The lending rate of commercial banks for offering budgetary support to the government soared on Wednesday after inflation shot up to a 21-month high in November.

The sharp increase in commercial banks’ lending rates for three, six and 12-month treasury bills indicates that they expect the central bank to make another aggressive hike in the benchmark interest rate on December 14.

“Cut-off yield (banks’ lending rate) increased by 228 basis points for three-month T-bills to 10.78% compared to 8.5% in the previous auction held on November 17,” Topline Securities reported, citing the central bank’s results for the latest T-bills auction held on Wednesday.

According to the Pakistan Bureau of Statistics (PBS), the inflation soared to a 21-month high at 11.5% in November against market expectations of 10% inflation for the month. The inflation spiked three percentage points from 9.2% in the prior month of October.

The benchmark interest rate remains a tool available with the central bank to control inflation. The State Bank of Pakistan aggressively increased the rate by 1.5 percentage points to 8.75% on November 19.

The government raised Rs504 billion to finance budget deficit through the auction of T-bills. It had fixed the target of Rs750 billion for the auction.

The State Bank of Pakistan (SBP) is scheduled to hold a meeting to announce the next monetary policy statement on December 14. Prior to release of inflation number for November, the market had expected a surge of 100-125 basis points in the benchmark interest rate in December.

Apart from the high inflation reading, market talks suggest that Pakistan’s import bill has reached all-time high of around $7.5-7.8 billion in November compared to the recent record high of $6.6 billion witnessed in September. The government is yet to release the import numbers for November.

“If the import bill comes close to the speculated numbers, then the country’ current account deficit would widen by a massive over $2 billion in November,” Ismail Iqbal Securities Head of Research Fahad Rauf.

The ballooning current account deficit may extend the current cycle of depreciation of rupee against the US dollar which would lift the inflation reading of Pakistan.

Pakistan’s central bank has kept its projection for inflation unchanged at 7-9% for full fiscal year 2021-22, according to November’s monetary policy statement. It, however, cautioned that inflation could exceed the upper limit of the projection laid down by SBP.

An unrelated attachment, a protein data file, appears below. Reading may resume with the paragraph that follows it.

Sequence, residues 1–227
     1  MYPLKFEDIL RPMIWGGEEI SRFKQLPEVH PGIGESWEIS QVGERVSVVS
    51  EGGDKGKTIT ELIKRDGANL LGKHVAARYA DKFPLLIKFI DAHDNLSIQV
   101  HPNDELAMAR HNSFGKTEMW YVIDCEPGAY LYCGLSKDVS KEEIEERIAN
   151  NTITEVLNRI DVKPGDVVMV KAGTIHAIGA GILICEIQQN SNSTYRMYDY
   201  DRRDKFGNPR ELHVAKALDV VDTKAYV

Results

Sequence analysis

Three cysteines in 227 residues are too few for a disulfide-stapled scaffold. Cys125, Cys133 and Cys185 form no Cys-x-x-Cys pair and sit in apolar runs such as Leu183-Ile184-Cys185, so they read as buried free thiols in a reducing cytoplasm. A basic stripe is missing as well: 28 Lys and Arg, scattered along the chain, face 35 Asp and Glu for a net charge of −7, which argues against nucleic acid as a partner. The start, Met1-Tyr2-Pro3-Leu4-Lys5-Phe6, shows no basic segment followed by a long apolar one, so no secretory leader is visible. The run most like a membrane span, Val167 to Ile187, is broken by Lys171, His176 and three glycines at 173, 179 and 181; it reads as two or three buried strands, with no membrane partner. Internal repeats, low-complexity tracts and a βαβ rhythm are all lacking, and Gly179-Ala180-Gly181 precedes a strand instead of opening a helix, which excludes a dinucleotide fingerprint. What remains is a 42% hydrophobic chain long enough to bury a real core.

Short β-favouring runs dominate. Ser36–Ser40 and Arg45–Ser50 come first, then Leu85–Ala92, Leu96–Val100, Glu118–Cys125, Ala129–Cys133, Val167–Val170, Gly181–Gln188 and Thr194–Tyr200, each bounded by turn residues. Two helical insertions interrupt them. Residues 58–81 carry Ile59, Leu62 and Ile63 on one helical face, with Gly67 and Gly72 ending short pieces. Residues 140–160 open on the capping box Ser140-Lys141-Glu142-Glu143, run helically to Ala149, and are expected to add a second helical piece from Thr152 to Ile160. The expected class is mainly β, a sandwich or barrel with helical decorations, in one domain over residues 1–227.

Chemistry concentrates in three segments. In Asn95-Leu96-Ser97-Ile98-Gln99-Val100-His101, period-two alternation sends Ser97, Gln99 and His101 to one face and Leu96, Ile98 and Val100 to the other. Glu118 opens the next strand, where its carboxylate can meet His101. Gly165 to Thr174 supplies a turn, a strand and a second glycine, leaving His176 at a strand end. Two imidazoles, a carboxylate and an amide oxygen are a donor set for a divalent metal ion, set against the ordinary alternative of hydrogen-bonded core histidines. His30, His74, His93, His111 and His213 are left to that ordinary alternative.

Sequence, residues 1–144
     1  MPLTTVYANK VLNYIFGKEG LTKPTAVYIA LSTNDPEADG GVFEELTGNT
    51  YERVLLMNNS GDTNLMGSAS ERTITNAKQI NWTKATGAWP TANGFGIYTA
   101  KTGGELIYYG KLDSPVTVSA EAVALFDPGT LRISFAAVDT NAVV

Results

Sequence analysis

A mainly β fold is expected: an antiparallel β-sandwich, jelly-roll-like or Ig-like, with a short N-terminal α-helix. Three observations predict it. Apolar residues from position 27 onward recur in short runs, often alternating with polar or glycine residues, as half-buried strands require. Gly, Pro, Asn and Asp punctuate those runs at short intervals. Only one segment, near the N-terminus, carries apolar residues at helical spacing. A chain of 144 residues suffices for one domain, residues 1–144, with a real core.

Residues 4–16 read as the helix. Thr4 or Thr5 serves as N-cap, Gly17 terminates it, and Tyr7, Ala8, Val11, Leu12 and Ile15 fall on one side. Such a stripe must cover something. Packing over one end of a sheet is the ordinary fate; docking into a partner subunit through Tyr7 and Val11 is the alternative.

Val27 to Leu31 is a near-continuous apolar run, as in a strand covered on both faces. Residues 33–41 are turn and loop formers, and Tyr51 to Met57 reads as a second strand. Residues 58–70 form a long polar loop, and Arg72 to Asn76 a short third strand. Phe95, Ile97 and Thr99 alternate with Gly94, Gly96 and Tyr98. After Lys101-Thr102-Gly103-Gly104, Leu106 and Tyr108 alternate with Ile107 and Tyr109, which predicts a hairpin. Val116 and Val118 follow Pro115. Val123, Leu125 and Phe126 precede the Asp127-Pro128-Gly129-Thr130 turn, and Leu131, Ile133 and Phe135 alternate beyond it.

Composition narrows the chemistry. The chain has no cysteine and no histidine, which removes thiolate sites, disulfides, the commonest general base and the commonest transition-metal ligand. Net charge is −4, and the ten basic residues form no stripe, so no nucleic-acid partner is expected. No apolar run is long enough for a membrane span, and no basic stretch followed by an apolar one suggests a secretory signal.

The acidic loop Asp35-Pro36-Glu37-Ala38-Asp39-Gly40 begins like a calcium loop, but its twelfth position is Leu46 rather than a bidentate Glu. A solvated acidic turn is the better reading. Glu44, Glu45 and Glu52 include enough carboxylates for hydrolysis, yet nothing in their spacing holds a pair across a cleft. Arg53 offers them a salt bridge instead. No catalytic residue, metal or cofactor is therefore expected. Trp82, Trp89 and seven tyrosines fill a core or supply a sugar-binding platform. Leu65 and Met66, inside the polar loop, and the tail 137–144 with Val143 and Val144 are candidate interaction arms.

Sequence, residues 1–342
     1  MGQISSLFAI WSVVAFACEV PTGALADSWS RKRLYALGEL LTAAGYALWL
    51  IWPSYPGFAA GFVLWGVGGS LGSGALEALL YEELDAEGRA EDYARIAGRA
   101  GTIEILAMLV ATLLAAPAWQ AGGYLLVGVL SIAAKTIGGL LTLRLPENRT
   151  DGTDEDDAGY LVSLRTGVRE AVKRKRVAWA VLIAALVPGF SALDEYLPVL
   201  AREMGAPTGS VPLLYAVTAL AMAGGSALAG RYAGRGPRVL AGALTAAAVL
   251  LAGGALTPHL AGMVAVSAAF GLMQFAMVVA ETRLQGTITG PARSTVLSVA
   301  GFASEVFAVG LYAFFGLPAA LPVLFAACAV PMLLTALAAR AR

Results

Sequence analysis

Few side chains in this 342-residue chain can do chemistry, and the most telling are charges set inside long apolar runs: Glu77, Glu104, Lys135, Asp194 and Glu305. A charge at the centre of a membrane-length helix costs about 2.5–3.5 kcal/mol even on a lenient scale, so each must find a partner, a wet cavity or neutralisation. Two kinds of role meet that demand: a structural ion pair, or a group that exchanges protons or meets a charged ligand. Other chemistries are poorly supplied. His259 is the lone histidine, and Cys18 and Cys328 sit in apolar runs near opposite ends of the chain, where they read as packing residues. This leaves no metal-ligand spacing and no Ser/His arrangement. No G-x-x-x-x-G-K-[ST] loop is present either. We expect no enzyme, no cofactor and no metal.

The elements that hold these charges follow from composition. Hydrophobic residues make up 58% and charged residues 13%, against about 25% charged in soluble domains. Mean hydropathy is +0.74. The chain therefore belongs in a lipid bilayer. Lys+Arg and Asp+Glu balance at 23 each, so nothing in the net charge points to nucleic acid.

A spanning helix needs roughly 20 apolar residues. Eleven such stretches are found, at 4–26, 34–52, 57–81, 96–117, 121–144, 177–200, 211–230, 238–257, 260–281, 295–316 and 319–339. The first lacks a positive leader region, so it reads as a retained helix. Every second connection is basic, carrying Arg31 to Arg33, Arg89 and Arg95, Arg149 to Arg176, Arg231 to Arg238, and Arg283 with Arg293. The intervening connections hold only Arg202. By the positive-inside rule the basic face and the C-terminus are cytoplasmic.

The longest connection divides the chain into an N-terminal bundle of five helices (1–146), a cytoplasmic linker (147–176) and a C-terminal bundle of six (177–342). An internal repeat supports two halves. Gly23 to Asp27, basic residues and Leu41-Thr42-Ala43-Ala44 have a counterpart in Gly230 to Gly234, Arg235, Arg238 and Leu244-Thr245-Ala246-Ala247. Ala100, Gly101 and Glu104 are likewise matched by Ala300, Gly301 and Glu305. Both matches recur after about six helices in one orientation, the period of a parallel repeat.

The inflation may surge past 9% in full fiscal year 2021-22 in the wake of the significant increase in global food and energy prices that the country imports to meet the local demand. Moreover, the likely increase in power and gas tariff by the government to implement the conditions laid down by the International Monetary Fund (IMF) would spark additional inflationary pressures.

Rauf said that his research house estimated inflation at 11% for full fiscal year 2021-22. “The month-on-month inflation reading may peak at around 13% over the next few months.”

The spike is expected due to increase in cost (fuel component) of power production and likely surge in power and gas base tariffs by the government in the near future.

The oil price in the international market is expected to drop further in the wake of contraction in demand amid outbreak of Covid-19 Omicron variant in Europe, US, Japan and Singapore.

T-bill auction results

The T-bills auction results suggest that the government has raised Rs338.4 billion by selling three-month T-bills at 10.78% yield against an offer of Rs423.4 billion.

It acquired another Rs111 billion by selling six-month T-bills at a yield of 11.5%. Banks had offered Rs201 billion.

The government raised Rs55 billion by selling 12-month T-bills at 11.51% against an offer of Rs125 billion.

The bond (T-bills) yields in the secondary market remained stable on Wednesday.

The cut-off yields on T-bills “are up by 79-100bps from the prevailing secondary market yields,” according to Topline Securities.

Published in The Express Tribune, December 2nd, 2021.

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